Forwarded mass e-mails trivialize Holocaust victims by Neil Rubin

In recent weeks, one particularly offensive e-mail has arrived again and again.

The e-mail concerns Yom HaShoah, which starts Monday at sunset. It is sent by well-meaning Jews unaware of the ridiculous even noxious — nature of what they do.

It reads in part:

"Send this message to everyone you know who is Jewish. This message symbolizes the six million (6,000,000) people that were lost during the Holocaust.

"If we reach the goal of six million screen names (or six million forwards), we will fulfill and give back to God what God gave to us: people that are Jewish that still live today."

I wouldn't be surprised if tens of thousands Jews have received this e-mail recently.

The first time it came my way, I shook my head and pressed "delete," sending it to the trash along with bad jokes and transcripts of White House briefings.

On Monday when I received the e-mail for the fifth time, I sent out this reply:

"I fail to see how forwarding an e-mail helps remember the depth of tragedy of the Shoah. Let's stop wasting our time with the e-mail equivalent of a sound-bite. Go talk to a survivor, read a book, watch a documentary, attend a talk or memorial ceremony. Don't for a moment waste anyone's time by believing that through the forwarding of an e-mail memory is perpetuated."

I'm glad I sent it.

To entertain that forwarding an e-mail is an appropriate response "to give back to God what God gave to us" is beyond theological and philosophical comprehension.

To believe that forwarding an e-mail symbolizes the brutal murderous system that took 6 million Jews and millions of others is absolute trivialization.

Contrast this with the noble attempts by many schools to collect 6 million pennies or soda tabs. In that way, kids over an extended period attempt to comprehend the vastness of 6 million.

But 6 million e-mails that are quickly deleted, along with solicitations for unreliable investment tips and bad motivational seminars, don't have an impact.

I'm angered because of the serious nature of the task at hand.

I was born a symbolic 18 years after the Shoah's end. My generation became a bridge to ensuring that the Holocaust's memory transcends the natural death of the survivors themselves. Fortunately, "memory" is no longer the immediate challenge. Its framework is in place with outstanding museums, educational curricula, civic ceremonies and even Academy Award-winning movies.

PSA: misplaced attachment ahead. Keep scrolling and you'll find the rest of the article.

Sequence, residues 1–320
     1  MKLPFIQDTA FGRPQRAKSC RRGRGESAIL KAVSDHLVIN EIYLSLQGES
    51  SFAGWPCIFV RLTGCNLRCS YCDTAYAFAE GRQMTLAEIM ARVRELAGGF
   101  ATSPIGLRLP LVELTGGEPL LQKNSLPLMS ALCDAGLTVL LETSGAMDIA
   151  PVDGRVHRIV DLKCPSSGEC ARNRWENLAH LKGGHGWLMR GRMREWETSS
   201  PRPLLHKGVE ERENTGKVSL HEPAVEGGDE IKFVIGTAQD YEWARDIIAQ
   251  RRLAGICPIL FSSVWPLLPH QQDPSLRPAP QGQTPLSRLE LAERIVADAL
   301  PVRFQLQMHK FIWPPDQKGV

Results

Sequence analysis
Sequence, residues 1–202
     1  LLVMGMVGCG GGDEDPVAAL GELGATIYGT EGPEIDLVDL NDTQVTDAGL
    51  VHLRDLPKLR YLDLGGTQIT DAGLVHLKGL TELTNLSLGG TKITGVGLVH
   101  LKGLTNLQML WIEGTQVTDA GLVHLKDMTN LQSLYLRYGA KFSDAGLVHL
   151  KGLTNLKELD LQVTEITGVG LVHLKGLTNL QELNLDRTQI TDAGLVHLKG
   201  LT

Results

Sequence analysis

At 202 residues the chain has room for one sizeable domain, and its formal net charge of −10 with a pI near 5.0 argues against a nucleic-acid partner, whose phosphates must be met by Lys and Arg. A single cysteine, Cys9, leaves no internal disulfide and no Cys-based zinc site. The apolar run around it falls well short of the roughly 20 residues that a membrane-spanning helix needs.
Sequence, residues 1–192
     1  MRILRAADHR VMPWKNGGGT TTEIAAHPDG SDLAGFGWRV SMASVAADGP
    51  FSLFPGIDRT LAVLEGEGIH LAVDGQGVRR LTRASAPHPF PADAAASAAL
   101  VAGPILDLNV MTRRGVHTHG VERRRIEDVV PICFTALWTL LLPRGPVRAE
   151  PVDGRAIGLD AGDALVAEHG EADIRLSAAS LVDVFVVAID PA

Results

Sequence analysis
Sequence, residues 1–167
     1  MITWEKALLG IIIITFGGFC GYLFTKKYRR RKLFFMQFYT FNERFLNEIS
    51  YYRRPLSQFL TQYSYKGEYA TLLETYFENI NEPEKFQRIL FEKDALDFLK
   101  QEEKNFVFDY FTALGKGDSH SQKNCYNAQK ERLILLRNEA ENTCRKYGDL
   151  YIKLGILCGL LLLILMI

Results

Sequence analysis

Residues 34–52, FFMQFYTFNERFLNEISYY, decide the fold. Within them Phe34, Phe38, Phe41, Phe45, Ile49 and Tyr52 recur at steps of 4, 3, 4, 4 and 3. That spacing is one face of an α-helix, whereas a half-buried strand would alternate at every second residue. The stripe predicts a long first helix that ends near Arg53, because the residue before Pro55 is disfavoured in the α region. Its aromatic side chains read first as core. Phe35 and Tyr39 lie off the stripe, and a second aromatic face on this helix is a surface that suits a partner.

Our task today is to create a moral legacy. To truly memorialize it, the Shoah must be made applicable to daily choices. How must it shape the Jewish response to broad human suffering? Where is the Holocaust in the context of Jewish history? Can our theology make the Shoah a part, but not all, of who we are?

In wrestling with such questions, we must embrace that Judaism is perpetuated not for the victims of the Holocaust, but because the religion and the culture it has spawned keeps offering the world a positive moral compass. The prism of the Holocaust, its searing wounds still so tender, is a modern layer on the vast, living archaeological tel of Jewish experience.

Believing that genuine memorialization is as simple as hitting the "reply" button to a banal mass e-mailing is offensive.

I write this not to upset survivors and their families, but to find lasting ways to honor the lessons of their lives while advancing post-Holocaust thought.

A powerless and flawed e-mail is an unwelcome response. Opening our arms to the struggle of building Jewish lives, in all of their modern choices, is a correct response — as is the continual study of Holocaust-related issues.

At the heart of all this is grappling with the meaning of Jewish memories, ancient and modern. The effort is ill-served by forwarding something destined for 6 million electronic trash piles.